Family, Michigan

My Grandparents and the Rest of the World

The situation of my grandparents has been swimming in my mind since I arrived home to my mother’s because they now live here. There are the memories of Christmas gatherings as a child growing up and the relationships that have developed from these family gatherings. Then there are the weekend visits every time I return to the states. And finally, there is the current situation of actually living with them. The fantasy of the spoiled grandchild disperses when you realize that your grandparents are real people who have lived through things that you can never dream of. They have seen over seven decades of the world and many births and deaths in that time. Their stories always fell in the background when, as a child, I would head to the kitchen to help with dinner at Thanksgiving, or at Christmas as the wrapping paper flew from newly opened gifts.

It’s not just living with my grandparents that brings a new outlook on who they are as individuals, or even beginning to see them as individuals. It’s also my age and my interest in their history and their life experiences. I take the time to sit on the front porch with them, as they drink their Sherry or Busch, in the evening after dinner. I listen to them playfully bicker, chuckling beneath my breath, imagining how they began 51 years and eight children ago. I ask more questions about my Grandfather’s time in the service so that I can learn something about who he is or was and even gain some knowledge into the Korean War. I ask more questions about what it was like for my Grandmother to grow up without a father in Detroit, helping to raise her younger siblings while her mother (my great-grandmother who is still alive as well) worked in a hospital as a nurse. I want to write all of these stories down. To document them because I know that someday they won’t be there. [My grandfather is continually reminding me of this because I am gone living my life in far off lands.]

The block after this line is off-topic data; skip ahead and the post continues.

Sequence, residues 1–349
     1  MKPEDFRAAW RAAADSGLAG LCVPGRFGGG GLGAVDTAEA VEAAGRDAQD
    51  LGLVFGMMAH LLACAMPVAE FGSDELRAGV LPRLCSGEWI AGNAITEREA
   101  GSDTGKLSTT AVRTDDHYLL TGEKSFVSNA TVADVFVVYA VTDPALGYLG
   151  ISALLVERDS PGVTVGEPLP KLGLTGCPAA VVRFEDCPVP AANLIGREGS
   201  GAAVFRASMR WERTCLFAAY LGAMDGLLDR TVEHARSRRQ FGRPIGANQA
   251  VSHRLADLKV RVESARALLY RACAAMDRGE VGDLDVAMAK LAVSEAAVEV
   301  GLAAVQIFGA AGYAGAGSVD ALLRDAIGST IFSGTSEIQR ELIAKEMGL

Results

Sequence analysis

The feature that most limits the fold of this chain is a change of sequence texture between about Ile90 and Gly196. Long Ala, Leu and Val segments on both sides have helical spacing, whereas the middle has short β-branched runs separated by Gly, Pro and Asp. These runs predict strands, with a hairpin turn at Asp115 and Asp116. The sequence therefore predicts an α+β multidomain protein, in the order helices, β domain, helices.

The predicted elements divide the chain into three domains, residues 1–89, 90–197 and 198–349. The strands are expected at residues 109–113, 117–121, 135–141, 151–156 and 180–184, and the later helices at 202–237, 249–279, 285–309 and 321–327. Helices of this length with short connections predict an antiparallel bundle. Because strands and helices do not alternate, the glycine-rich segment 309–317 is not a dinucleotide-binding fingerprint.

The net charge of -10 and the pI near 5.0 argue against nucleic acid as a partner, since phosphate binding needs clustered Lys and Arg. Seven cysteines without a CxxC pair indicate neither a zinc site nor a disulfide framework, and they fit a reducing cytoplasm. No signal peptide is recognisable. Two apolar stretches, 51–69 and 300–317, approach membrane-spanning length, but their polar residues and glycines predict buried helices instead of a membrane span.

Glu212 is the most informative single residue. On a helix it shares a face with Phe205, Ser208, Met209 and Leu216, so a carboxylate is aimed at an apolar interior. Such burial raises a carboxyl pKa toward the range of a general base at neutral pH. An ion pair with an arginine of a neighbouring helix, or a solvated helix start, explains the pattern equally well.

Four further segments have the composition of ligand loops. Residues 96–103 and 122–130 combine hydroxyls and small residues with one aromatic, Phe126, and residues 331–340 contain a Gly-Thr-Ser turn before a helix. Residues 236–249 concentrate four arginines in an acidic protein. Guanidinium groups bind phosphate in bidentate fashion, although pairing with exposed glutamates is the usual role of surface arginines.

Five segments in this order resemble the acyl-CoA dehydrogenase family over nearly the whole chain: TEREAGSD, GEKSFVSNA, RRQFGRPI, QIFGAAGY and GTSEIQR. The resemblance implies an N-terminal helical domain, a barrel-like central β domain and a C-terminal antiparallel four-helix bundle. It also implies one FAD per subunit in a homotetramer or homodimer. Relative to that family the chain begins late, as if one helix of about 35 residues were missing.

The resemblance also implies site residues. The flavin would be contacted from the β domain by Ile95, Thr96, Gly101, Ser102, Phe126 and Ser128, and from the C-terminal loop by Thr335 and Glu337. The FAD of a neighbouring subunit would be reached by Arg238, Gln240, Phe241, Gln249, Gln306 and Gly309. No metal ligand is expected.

I respect my grandparents because of who they are. And I love them tremendously. But I don’t always agree with them. After last night, I would say that I rarely agree with them, especially in regards to race, environment, politics, and probably religion! Sometimes I think that we can enter into discussions covering such topics, and I even look forward to the playful banter that takes place when I visit with my grandfather on one of my summer homecomings. Perhaps because we have been living under the same roof, perhaps because I see them daily, we decided to go a little further with the regular debates last night. At some point we began to bring personal experience into it and I felt we were up against a wall, so I decided to walk away from the argument before it escalated. We just don’t have the same — or even a similar — world view. This is due to so many things. Much of what they have lived through and I have not and vise versa. We grew up in totally different spaces of time. This is reflected in how we view life.

I thought going for a walk would release the tension acquired from our argument, but it didn’t. I know that as much as I can’t understand where they are coming from, they can’t understand me. I felt defeated, it was one of those moments when I felt the world up against me. Because I know the views they carry, are carried by many others in this country and to an extent around the world. As I walked down the dirt road, beneath the golden hues on the tree tops from the setting sun, in the direction of one horse farm after another, my thoughts went beyond discussions and debates with my grandparents.

I had the realization, the answer to my infamous question “Why can’t we all just get along?” Everyone doesn’t see things the same and it’s harder for some to understand how that can work positively. And if everyone sees things in the world differently, then how can we create a compromise when what we see is polar opposite of one another? And the weight of responsibility lies heavy on my mind. I’m really starting to realize how many individuals do not see the necessity to take responsibility for their actions, whether it be smoking and in turn creating second hand smoke, or on a larger scale with corporations failing to follow procedures that protect the environment, because such procedures hurt them economically.

So, perhaps, my new question will be, why don’t people find it important to take responsibility for their actions? All of them.